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J. Hoberman Opens His New York Times DVD Column With a Shot at The New York Times

Photo of Sam Adams By Sam Adams | Criticwire January 24, 2014 at 11:37AM

Lest anyone fear the longtime 'Voice' critic has lost his alt-weekly edge, he uses his review of Tarkovsky's 'Nostalghia' to shoot an arrow at his new employer.
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Nostalghia

The days when the New York Times was the stodgy Gray Lady and the Village Voice the feisty upstart are well in the past; it's hard to imagine Vincent Canby or Janet Maslin warming to the pre-millennial equivalent of Spring Breakers, which ended up on both A.O. Scott's and Manohla Dargis' year-end lists. But in his first Home Video column for the Times, J. Hoberman shows some of the edge he honed in the years when alt-weeklies really were an alternative. 

The subject is Andrei Tarkovsky's Nostalghia, out on a new Blu-ray from Kino Classics. But not far under the surface, it's also a study of how once-marginalized directors become accepted canon. (All seven of his features appear in the They Shoot Pictures, Don't They? list of the Top 1,000 Films; Nostalghia, at 352, is the lowest-ranked.) With a slap at the late Times critic Vincent Canby, Hoberman writes:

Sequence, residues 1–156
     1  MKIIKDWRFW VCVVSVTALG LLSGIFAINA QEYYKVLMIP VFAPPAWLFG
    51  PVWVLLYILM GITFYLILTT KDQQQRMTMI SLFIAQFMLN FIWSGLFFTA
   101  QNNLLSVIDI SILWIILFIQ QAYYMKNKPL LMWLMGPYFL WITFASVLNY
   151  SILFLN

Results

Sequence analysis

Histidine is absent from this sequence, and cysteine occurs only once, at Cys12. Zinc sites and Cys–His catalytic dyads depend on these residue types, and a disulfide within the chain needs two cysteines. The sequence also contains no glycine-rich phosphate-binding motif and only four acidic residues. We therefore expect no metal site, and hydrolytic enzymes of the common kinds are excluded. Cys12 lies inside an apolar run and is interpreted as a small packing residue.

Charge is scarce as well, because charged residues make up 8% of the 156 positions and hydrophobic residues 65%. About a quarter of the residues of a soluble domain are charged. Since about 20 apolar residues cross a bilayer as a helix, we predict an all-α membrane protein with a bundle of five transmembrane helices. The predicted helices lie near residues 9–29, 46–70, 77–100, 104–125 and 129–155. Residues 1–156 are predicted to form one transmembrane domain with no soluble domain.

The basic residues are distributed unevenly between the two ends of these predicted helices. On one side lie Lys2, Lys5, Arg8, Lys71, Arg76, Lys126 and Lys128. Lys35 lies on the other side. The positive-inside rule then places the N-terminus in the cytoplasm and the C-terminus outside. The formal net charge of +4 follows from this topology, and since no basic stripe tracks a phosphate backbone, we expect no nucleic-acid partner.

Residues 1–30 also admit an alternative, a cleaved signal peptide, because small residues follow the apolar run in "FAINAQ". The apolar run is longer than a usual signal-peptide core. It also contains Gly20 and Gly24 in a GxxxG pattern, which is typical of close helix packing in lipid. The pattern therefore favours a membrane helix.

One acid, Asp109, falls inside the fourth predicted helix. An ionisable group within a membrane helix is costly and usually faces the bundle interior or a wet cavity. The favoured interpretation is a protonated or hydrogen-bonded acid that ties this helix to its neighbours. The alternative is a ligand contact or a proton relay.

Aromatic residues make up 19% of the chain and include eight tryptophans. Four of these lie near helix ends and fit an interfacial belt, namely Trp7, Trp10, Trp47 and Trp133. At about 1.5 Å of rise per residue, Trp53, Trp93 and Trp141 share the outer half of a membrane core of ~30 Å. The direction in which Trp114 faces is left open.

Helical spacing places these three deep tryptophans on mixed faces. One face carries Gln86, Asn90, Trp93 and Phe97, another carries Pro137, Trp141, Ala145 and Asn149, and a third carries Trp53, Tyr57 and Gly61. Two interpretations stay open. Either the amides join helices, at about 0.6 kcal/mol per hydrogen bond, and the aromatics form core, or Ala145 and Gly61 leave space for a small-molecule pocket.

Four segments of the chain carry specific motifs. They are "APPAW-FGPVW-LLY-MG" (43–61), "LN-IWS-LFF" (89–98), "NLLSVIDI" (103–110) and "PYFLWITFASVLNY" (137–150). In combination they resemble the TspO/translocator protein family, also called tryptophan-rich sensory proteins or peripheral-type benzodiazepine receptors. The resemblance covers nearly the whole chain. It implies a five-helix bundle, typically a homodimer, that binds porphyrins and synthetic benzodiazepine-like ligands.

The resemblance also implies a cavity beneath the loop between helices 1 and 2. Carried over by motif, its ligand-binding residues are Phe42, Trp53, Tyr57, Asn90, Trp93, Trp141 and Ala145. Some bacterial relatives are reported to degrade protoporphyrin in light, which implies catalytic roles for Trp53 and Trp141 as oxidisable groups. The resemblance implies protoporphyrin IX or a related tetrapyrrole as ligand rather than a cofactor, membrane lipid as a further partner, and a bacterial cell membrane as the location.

Tarkovsky’s movies are not for the impatient. He advised viewers to watch Nostalghia "as if it were the window in a train traveling through your life." In The New York Times, the critic Vincent Canby allowed that while Tarkovsky might be a "film poet," he was one with a limited vocabulary. "The same, eventually boring images keep recurring in film after film -- shots of damp landscapes, marshes, hills in fog and abandoned buildings with roofs that leak," Canby wrote when Nostalghia was screened at the 1983 New York Film Festival. "The meaning of water in his films isn't as interesting to me as the question of how his actors keep their feet reasonably dry."

Of course, Canby was to an extent engaging in what nowadays we'd call trolling, perhaps especially at young, self-serious writers like the then-Voice critic J. Hoberman, who placed Nostalghia eighth on his Top Ten list the following year. But rather than long-delayed revenge, Hoberman's invocation of Canby, who died in 2000, serves as a pointed reminder that times change, and the guardians of culture change with them. Who knows what once-young critic will invoke Hoberman as a stand-in for the fuddy-duddy old guard 30 years hence?


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